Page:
Study Guide

There's a certain Slant of light Awe and Amazement

By Emily Dickinson

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Awe and Amazement

We're not talking about the kind of awe and amazement that comes from looking at something really beautiful. In "There's a certain Slant of light," the speaker's amazement comes from the mysteriousness of that slant of light. In fact, even the landscape is amazed by the light and "listens" upon its approach while the shadows "hold their breath." Pretty…uh, amazing, eh?

Questions About Awe and Amazement

  1. How would you describe the speaker's amazement in the poem that comes from the appearance of that slant of light? What parts of the poem give you your idea?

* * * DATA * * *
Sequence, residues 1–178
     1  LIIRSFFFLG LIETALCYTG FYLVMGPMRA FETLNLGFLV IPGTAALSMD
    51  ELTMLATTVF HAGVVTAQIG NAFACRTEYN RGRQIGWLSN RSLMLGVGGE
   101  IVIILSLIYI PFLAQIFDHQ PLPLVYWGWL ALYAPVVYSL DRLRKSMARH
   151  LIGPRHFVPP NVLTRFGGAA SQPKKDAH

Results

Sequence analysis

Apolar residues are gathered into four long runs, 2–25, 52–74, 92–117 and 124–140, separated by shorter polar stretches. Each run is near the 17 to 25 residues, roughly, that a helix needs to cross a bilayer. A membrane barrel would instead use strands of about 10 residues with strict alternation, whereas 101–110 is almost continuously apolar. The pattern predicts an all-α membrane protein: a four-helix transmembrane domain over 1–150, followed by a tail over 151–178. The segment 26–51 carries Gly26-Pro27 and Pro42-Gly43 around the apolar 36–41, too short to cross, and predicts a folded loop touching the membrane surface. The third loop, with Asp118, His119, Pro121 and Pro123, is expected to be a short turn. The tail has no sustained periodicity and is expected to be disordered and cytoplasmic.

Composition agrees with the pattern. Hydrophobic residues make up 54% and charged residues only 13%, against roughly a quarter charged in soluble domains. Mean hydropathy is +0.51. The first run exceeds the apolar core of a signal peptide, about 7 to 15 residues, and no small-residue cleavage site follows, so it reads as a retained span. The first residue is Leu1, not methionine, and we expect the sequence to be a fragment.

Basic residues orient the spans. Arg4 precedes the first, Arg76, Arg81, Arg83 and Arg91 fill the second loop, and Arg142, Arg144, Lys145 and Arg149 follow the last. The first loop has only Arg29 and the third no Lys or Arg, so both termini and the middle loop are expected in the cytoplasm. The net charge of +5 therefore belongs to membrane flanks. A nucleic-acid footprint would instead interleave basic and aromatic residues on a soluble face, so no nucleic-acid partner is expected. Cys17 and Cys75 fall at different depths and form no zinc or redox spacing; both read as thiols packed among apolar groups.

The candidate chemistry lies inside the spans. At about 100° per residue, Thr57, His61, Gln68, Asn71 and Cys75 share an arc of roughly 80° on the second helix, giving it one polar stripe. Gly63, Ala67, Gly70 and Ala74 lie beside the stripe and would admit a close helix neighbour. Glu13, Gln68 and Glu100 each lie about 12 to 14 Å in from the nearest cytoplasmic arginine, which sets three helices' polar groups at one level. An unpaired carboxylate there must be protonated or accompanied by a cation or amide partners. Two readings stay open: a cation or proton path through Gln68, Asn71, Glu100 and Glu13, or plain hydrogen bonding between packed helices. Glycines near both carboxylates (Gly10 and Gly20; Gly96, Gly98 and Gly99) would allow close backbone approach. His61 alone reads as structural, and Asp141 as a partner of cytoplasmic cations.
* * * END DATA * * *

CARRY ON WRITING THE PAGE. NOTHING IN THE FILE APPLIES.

2. How does the personification of the landscape reflect the speaker's sense of awe?
  3. Does the speaker's reference to death at the end of the poem contribute to this theme of awe and amazement? How do you know? 
  4. How does the speaker's ambiguity contribute to the sense of amazement we see throughout the poem? Would it have sounded just as amazing if the speaker would have been more specific?

Chew on This

What's particularly amazing about that slant of light is the fact that it's impossible to define in any absolute sort of way. It's amazingly hard to pin down, which makes it somehow even more amazing.

All of those dashes and odd syntax reflect the speaker's difficulty in defining the awe she feels because of that slant of light. Awe-some, eh?

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